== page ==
NCAI President Presses Sec. State Kerry Re: UN American Indigenous Prisoners’ Rights Inquiry

Apr 20th, 2014

On April 18, 2014, NCAI President Brian Cladoosby implored U.S. Department of State Secretary to respond to a June 5, 2013 inquiry from the Honorable James Anaya, the United Nations Special Rapporteur on the Rights of Indigenous Peoples, regarding the “increasing number of state-level regulations that restrict the religious freedoms of Native American prisoners, including their participation in religious ceremonies and possession of religious items.”

President Cladoosby

According to President Cladoosby’s letter to Secretary of State John Kerry, the Rapporteurs’ “inquiry was submitted to the State Department by Special Rapporteur Anaya and the Honorable Heiner Bielefeldt, UN Special Rapporteur on Freedom of Religion or Belief, and respectfully requested your agency’s response within 60 days,” but the United States has failed to respond in any way. See also “State Department Ignores UN Inquiry Re: Indigenous Prisoner Rights Violations.”

james_anaya

President Cladoosby continued:

We hereby urge the United States’ earliest possible response to the Special Rapporteurs. We also request that the State Department consult with us pursuant to Executive Order 13175, regarding what appears to be a trend of increased federal, state and local government restriction upon incarcerated American Indigenous Peoples’ inherent rights to believe, express, and exercise their traditional religions and practices. This topic is of such concern to Native America that it gave rise to recent NCAI Resolution #REN-13-005, which is titled “Ensuring the Protection of Native Prisoners’ Inherent Rights to Practice their Traditional Religions”…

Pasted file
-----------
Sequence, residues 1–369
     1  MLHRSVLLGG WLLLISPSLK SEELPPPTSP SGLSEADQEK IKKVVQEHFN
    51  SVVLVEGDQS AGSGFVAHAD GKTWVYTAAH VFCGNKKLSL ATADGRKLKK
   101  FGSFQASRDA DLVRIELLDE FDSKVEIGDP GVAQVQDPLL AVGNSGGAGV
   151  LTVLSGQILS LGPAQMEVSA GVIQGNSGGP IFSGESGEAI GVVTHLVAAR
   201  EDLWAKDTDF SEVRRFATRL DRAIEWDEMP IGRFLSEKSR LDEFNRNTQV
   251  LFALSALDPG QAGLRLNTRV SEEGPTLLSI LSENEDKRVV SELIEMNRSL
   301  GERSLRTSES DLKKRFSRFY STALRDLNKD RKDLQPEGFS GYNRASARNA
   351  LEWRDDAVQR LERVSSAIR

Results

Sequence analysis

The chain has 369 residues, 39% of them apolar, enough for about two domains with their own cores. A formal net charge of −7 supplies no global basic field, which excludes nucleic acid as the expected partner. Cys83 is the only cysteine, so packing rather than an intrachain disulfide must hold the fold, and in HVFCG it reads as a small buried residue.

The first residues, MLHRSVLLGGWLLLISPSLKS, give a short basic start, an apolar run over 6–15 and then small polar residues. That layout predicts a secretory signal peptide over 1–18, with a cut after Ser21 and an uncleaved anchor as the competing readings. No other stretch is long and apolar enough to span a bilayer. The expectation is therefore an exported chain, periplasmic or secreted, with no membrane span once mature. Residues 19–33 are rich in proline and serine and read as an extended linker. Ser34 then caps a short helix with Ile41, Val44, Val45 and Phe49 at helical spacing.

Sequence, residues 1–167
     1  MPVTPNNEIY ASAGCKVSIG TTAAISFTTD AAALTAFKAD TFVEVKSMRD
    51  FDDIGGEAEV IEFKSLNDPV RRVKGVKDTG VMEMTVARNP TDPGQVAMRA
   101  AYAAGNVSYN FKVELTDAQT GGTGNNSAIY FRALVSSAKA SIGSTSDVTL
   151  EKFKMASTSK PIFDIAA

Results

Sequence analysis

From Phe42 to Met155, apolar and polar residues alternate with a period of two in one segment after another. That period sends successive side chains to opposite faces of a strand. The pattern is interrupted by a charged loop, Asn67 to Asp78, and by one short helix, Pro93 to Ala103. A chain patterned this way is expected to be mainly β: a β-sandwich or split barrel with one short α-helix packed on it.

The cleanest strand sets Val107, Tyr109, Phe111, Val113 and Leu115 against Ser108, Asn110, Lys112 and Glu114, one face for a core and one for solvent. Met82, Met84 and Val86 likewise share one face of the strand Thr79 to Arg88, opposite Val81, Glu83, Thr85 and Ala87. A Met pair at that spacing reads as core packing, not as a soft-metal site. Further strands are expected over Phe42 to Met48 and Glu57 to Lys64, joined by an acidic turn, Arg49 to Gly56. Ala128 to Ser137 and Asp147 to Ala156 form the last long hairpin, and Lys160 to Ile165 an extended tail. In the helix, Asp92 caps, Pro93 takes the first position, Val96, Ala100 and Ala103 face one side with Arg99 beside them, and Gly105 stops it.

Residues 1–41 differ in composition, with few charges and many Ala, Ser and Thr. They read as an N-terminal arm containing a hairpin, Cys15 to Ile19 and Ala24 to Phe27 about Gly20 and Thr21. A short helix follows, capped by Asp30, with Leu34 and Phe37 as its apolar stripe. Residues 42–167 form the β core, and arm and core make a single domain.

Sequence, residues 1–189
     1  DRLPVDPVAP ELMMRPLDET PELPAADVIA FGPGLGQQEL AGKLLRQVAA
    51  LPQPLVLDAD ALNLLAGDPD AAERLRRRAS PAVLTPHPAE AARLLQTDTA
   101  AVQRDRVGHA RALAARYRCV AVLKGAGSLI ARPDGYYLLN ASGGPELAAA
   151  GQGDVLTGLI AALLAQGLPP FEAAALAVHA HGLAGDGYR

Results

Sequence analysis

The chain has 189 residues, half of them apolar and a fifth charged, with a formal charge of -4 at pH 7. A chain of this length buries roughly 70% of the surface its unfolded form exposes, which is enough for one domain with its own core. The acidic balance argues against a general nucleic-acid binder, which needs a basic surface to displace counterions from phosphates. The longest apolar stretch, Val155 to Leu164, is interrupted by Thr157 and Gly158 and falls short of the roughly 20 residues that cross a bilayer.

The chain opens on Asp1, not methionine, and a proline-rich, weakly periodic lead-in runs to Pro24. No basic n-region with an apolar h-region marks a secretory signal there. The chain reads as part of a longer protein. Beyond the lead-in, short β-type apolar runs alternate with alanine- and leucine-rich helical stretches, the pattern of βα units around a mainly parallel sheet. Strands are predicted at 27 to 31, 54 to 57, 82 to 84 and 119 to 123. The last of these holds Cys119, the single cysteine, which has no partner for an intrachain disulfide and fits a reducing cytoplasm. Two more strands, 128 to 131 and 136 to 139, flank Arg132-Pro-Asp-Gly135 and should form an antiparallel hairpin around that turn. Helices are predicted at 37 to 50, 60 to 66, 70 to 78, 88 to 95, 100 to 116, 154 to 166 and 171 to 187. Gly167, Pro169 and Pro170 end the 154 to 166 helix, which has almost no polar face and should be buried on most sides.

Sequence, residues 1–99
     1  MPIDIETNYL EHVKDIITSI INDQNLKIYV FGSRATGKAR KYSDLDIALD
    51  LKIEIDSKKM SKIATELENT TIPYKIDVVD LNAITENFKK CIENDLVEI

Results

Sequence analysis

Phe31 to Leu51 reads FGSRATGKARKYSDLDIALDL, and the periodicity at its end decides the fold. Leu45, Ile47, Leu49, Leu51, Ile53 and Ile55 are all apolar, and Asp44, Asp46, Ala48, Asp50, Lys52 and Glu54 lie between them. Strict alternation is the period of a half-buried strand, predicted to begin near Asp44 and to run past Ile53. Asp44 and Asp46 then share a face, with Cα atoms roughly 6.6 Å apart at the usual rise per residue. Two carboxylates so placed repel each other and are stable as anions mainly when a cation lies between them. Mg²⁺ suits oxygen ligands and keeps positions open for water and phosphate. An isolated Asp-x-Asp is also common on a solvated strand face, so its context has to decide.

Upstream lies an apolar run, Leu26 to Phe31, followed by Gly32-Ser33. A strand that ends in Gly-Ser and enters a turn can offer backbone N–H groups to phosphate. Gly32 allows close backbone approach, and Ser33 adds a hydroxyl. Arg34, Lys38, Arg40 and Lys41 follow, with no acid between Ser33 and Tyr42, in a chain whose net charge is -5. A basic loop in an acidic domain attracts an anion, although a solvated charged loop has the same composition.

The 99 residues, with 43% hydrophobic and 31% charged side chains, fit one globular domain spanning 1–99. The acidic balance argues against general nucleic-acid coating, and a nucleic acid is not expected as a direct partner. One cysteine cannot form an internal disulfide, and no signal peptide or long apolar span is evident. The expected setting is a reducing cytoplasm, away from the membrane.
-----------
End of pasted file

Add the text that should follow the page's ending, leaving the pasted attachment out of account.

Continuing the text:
And President Cladoosby explained:

As you may know, those rights are guaranteed to incarcerated American Indigenous Peoples by the First Amendment of the U.S. Constitution and federal Religious Land Use and Institutionalized Persons Act, but also by the International Covenant on Civil and Political Rights (see Articles 10, 18(1), 18(3) and 27) and the United Nations Declaration on the Rights of Indigenous Peoples (see Articles 1 and 12). Under banner of these domestic and international human rights guarantees, we have also joined several non-governmental organizations, like the Native American Rights Fund, the ACLU and Huy, to bring forth our concerns about domestic violations of American Indigenous Peoples’ religious freedoms, to the United Nations Human Rights Committee. In our joint submissions, we cite publicly reported religious rights breaches by states like California, Hawaii, Arizona, Montana, South Dakota, Wyoming, Missouri, Texas, and Alabama.

Hopefully the United States will now answer to somebody, in reference to domestic governmental violation of the human rights and religious freedoms of American indigenous prisoners. See also “UN Human Rights Committee Criticizes United States’ Indigenous Religious Rights Record.”

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